Dunkin’ Donuts Closures and Min Wage: Nothing to See Here

@TBPInvictus here:

In a “story” that minimum wage critics couldn’t wait to latch on to, Speedway, a wholly-owned subsidiary of oil giant Marathon Petroleum, announced it would discontinue its Dunkin’ Donuts franchisee operations at about 100 locations. Although the Fortune story mentions nothing about minimum wage being an issue, a Google search using [Speedway “minimum wage” “dunkin’ donuts”] produces over 26,000 hits, the first of which is, of course, at foxnews.com.

While not Fox’s piece, fact-free, fear-mongering content like this is peppered among the hits:

Screen Shot 2015-10-15 at 6.32.05 PM

Okay, that’s probably the hackiest of pieces I could find, as it’s virtually fact-free (“countless jobs”), but I’m trying to drive home a point.

Let’s be clear here: It is Speedway, the franchisee, that made this decision, not Dunkin’ Donuts. DD’s CEO, Nigel Travis (2014 compensation: $10.2 million), is a staunch opponent of the minimum wage. That said, as mentioned, this was not his decision.

I do, however, have correspondence from Speedway, which is responsible for the closures, and responded to my inquiry on the matter, saying:

Thanks for reaching out – yes, the rumors are true we are removing the Dunkin’ Donut self-serve coffee stations and replacing them with our name brand coffee. The self-serve kiosks removal, to my knowledge, has not caused any changes in employment as it is being replaced with another coffee that still needs to be made.

So, to recap: Speedway is replacing Dunkin’ with its own name brand coffee, no jobs appear to be in jeopardy (someone’s gotta make the coffee), and the minimum wage doesn’t seem to figure in at all.

The funny thing here is that anyone could do the minimal amount of investigative work I did to have figured this out. But they don’t. Because the truth doesn’t matter to them. Only the narrative and the ideology do.

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  1. wally commented on Oct 15

    “DD’s CEO, Nigel Travis (2014 compensation: $10.2 million), is a staunch opponent of the minimum wage.”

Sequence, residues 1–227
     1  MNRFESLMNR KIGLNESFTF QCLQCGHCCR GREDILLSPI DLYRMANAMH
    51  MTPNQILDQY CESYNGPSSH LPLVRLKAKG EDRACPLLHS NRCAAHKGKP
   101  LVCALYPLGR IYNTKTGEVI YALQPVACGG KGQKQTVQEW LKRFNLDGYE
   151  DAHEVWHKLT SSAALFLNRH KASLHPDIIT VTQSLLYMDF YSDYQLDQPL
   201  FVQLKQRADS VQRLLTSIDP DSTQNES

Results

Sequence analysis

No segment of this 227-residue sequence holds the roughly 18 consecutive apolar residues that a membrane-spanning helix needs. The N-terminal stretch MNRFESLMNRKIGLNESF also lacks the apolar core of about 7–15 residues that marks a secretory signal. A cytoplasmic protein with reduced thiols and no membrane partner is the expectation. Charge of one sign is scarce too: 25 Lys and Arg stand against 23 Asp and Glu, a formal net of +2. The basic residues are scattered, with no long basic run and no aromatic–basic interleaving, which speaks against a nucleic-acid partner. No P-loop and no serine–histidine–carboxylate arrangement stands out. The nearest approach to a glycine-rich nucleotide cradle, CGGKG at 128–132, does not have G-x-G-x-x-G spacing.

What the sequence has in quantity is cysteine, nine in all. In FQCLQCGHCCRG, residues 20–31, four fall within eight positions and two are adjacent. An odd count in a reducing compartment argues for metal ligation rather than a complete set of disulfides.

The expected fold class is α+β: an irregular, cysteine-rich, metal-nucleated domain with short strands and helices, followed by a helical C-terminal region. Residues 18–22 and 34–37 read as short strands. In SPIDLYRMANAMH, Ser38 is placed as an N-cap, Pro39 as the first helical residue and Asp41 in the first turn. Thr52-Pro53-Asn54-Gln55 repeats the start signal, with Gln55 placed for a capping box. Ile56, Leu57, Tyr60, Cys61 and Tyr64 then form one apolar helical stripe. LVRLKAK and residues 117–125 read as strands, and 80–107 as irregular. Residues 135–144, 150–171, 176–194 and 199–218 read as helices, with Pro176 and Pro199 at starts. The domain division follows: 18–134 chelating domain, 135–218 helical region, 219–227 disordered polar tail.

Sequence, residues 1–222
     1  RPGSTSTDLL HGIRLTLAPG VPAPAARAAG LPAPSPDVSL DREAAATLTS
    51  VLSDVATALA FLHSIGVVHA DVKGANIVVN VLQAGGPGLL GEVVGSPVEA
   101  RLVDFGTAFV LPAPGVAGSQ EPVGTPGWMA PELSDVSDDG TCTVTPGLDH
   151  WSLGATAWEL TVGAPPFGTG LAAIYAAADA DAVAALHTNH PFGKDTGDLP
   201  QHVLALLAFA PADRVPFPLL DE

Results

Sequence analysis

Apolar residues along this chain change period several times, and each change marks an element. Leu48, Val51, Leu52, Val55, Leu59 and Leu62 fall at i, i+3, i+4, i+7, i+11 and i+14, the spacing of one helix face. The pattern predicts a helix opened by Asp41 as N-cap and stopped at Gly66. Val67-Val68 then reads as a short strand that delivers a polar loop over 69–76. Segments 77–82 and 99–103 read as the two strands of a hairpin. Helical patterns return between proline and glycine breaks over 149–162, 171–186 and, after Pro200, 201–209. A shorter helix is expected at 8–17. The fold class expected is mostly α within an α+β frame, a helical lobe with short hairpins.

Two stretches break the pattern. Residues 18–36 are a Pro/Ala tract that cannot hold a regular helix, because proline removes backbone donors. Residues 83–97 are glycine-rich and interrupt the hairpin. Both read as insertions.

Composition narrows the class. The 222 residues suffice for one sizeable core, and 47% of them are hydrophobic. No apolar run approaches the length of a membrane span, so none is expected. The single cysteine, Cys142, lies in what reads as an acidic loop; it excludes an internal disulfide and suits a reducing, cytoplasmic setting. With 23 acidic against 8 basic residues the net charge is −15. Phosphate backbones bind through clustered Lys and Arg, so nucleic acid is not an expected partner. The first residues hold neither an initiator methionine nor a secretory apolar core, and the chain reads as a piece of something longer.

Ha – says it all, doesn’t it?

    • BennyProfane commented on Oct 15

      Maybe, but, isn’t 10.2 mil minimum wage for CEOs these days?

  2. bigsteve commented on Oct 15

    The Dunkin Donuts shop down the road from me open up about a a year ago. They have been going gang busters ever since. And this is in Orlando a place with more restaurants per capital than most any other city in the world. You can find hokey in more ways than one.

  3. CD4P commented on Oct 15

    Invictus has a slogan to roll out for t-shirts: “Because the truth doesn’t matter to them. Only the narrative and the ideology do.”

  4. willie commented on Oct 15

    I have followed Invictus’ comments over the years and find his analysis and commentary to be as ideologically biased and short sighted as any of those who he has called out.

    To conclude that jobs will not be lost, because ‘look- they raised the minimum wage and nothing happened’, is to be economically disingenuous. Just as ‘sticky prices’ affect market adjustment to deflation, business owners will stay open in the short run as long as they cover their variable cost, and more importantly can avoid default on bank loans or long term lease obligations. When having to decide whether to continue to operate or to sign another lease to stay in business (and keep the minimally employed in their jobs) the equation changes dramatically. The jobs usually survive until the business owners decide they have had enough, which may take a couple of years.